Mm-Hmm <affirmative>, there was just a, an article in the Boston globe about the Netherland system is that different.
Howard Gleckman (09:00):
So the Netherland system is very different. And let me again, break it up into two pieces. I'll talk about the delivery system. And then the financing system finance system is social insurance. It was until 2015, an incredibly generous program. And it was so generous that the system was going broke. The country was going broke and not so much because of older adults who needed the care, but younger people with disabilities who were getting years and years and years of very expensive institutional care. These are people with developmental disabilities like autism and down syndrome or something like that. And it was turning out to be incredibly expensive. So in 2015 the Netherlands revised the financing system. They broke it up into pieces. Now people with disabilities get one kind of benefit, older adults with a high level of need and different benefit. Some of the benefits instead of being provided by the federal government are provided by the, their equivalent of state governments and the amount of of a, that you, of support that you get has been reduced a little bit, but it's still a very generous benefit.
Howard Gleckman (10:04):
And you get it by paying about 10% of of, of, of wages up to about $35,000 in payroll tax. When you need the care, is it older adult? The, the system pays for about 90% of the care and you pay for about 10% mm-hmm <affirmative>. So that's the financing system that very generous financing system has developed a fascinating new delivery system. So in the United States, let's take somebody with dementia, obviously, a very common need among older adults. What do we do? We lock you up in a memory unit of an assisted living facility or a nursing home. You have very little ability to move around. There's not much for you to do. It's not a great system in the Netherlands. What they've done is they've created almost these little villages so that people have maximum flexibility. They can go into little stores, they can go into restaurants.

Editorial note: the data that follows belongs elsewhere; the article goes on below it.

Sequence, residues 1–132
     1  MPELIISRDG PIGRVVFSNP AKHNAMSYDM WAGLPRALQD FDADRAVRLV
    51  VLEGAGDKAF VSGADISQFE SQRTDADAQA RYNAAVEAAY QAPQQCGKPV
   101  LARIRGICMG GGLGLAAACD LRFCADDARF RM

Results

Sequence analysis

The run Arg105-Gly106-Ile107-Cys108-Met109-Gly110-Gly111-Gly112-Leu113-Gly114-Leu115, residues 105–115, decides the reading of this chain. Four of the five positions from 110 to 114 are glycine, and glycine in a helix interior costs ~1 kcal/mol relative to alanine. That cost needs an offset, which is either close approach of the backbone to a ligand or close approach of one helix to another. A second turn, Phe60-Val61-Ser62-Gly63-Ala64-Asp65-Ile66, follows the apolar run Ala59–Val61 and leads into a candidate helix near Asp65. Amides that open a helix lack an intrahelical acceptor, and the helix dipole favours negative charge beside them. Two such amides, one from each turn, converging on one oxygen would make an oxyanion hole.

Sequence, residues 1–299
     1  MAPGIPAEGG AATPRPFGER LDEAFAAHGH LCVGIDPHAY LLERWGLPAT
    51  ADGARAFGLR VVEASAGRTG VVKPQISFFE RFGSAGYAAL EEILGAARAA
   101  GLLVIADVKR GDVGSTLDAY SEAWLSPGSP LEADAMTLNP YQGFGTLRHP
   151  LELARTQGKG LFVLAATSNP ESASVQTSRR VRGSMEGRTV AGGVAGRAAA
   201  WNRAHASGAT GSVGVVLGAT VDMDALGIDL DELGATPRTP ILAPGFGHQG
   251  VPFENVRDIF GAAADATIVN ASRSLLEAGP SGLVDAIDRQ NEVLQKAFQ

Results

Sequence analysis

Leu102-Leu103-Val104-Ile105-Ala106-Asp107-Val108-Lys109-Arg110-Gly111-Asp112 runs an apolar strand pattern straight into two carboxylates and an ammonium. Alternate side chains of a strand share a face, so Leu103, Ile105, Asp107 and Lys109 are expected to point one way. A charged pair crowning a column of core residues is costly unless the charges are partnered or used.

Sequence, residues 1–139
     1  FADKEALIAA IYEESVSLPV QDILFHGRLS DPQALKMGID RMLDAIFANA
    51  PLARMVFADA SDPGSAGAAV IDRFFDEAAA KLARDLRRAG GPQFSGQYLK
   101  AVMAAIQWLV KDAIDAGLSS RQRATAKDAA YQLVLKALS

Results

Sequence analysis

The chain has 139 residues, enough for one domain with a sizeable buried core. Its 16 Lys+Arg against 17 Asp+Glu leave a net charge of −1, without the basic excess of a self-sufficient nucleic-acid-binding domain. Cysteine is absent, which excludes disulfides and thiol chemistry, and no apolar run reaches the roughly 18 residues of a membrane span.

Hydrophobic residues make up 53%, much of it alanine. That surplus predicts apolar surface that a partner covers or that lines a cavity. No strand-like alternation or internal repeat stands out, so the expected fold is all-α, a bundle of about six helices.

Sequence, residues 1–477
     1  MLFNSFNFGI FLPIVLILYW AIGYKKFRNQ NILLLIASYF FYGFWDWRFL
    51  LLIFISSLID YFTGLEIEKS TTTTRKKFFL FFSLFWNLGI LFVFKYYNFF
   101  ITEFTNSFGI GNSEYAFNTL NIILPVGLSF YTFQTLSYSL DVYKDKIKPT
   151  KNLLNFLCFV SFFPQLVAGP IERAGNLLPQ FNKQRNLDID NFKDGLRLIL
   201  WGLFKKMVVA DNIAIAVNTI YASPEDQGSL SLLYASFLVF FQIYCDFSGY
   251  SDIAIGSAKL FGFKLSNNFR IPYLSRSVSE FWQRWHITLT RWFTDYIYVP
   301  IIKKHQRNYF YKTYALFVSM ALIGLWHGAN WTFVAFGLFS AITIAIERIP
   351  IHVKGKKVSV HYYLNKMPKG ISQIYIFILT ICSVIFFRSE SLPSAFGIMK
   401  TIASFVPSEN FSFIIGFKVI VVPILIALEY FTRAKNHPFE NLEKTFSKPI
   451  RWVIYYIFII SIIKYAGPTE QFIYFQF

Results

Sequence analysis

Howard Gleckman (11:00):
As that global article said, they can't go to art museums necessarily, but the art museums bring art to them. A whole range of programs. They can't leave this community, but within the community, they're free to walk around. And what they've discovered is that people given that autonomy are much healthier than they are in the United States. In the United States. We worry so much about things going wrong. We take away people's freedom and, and all of us would like a certain amount of autonomy. You know, in the United States, they have this, this model called greenhouses, which are much more flexible kinds of small nursing homes. And one of the big differences between a greenhouse and a traditional nursing home is a traditional nursing home. Somebody comes to your room at seven 30 in the morning, and they say, Larry, it's time for your bath, whether you want a bath or not, you may wanna sleep in that morning, just like some mornings I wanna sleep in mm-hmm <affirmative> can't do it in a traditional nursing home, cause that a has got 10 people.
Howard Gleckman (12:03):
She has to bathe between seven 30 and eight 30. And you're gonna get up and you're gonna get your bath, whether you like it or not in the, in the Dutch system and in greenhouses in the United States, that's not how it works. You say to the a, you know, tomorrow morning I wanna sleep in, you know, gimme my bath at 10 o'clock. I don't want it at eight o'clock. And they say, okay, not a problem. So that very regimented system that we have in the United States is very different over there in the United States. We're terrified that people are gonna fall in the Netherlands. They say, we're gonna give you some autonomy. You fall, you fall, it's up, you know, it's up to you. You make a decision, you wanna take a risk. And just like me, I take a risk. I go skiing. I fall, I took my chances. I fell. So the, the there's a recognition that even if you're old and even if you may have some cognitive impairment, you have the right to make decisions for yourself. And that's a, that's a big cultural difference between what they do in the Netherlands or what they do mostly in the United States.